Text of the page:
Friday, 16 June 2017 09:24

ASM Letter to Congress on FY 2018 NIH Appropriations

The American Society for Microbiology (ASM) deeply appreciates the continued bipartisan support from Congress for the National Institutes of Health (NIH) and for sustaining progress in biomedical research. The budget increase for the NIH in the final FY 2017 Omnibus bill recognized contributions of federally funded biomedical research to the Nation’s health, technology based economies, and competitiveness in the global marketplace. The ASM asks that you continue to support the NIH in the FY 2018 budget process, by rejecting the Administration’s proposed cuts to the NIH budget.

The President’s FY 2018 budget request would significantly deplete crucial research and development and employment opportunities across the United States. The negative impacts of the Administration’s proposed 21 percent reduction in NIH funding would hit not only public health activities that benefit all Americans, but also local and national economies, workforce training, and the discovery of scientific innovations capable of improving lives and building markets. If enacted, nearly 90,000 jobs and over $15 billion in economic activity are projected to be lost.

The ASM supports an increase of $2 billion over the approved FY 2017 level for the NIH in FY 2018 to sustain the Nation’s scientific research capabilities. There is strong historical evidence that robust R&D investments by federal agencies like NIH consistently generate massive social and economic benefits. R&D funding has created millions of jobs and directly vitalized communities. NIH’s role as the world’s largest supporter of biomedical research primarily rests on its distribution of more than 80 percent of its annual budget to more than 300,000 extramural researchers at more than 2,500 universities, medical schools, and other research institutions. Entire market sectors have been energized by NIH discoveries, including biomanufacturing, genomics, and medical imaging.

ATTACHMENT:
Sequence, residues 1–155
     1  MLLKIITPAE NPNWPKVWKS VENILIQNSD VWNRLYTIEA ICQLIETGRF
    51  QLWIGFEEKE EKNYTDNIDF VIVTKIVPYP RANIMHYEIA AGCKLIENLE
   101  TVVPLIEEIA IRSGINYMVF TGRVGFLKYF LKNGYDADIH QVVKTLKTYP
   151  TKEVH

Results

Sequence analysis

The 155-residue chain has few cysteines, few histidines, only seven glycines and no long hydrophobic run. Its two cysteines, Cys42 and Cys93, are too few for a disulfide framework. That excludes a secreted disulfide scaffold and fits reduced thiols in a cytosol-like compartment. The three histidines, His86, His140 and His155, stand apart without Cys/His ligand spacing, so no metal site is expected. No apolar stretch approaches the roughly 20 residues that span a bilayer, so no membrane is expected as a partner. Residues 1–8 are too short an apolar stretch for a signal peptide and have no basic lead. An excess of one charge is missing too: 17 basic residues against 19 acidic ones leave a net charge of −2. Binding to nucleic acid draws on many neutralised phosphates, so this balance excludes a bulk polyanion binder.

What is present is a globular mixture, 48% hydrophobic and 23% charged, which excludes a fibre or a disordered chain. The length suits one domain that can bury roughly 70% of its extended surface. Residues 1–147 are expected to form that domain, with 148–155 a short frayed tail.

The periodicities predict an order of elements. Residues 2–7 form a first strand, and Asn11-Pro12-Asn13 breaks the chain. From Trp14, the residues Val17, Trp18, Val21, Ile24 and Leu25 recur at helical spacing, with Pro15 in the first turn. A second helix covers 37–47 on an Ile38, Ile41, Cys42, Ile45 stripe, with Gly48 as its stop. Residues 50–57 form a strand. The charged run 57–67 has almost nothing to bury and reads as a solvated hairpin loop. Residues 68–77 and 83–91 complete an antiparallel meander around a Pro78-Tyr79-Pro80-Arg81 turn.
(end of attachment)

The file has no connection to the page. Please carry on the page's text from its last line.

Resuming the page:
It is obvious that the Administration’s proposed 21 percent budget cut for NIH would have a deleterious ripple effect across many R&D institutions and businesses. Also of great concern to the ASM is the Administration’s proposal to radically disrupt the distribution of NIH’s indirect costs given to extramural grantees to sustain research infrastructures. We do not disagree that the distribution of indirect costs requires continued oversight and periodic reevaluation, but imposing a reported 10 percent cap would create onerous financial burdens on R&D institutions and a tangible chilling effect on new research projects.

The ASM appreciates the opportunity to again express its strong advocacy for NIH research and to thank the Congress for its consistent farsighted and steadfast support of NIH budgets that best serve the American public.

Sincerely,

Susan Sharp, Ph.D., President, American Society for Microbiology
Stefano Bertuzzi, Ph.D., M.P.H., CEO, American Society for Microbiology
Ronald M. Atlas, Ph.D., Chair, ASM Public and Scientific Affairs Board

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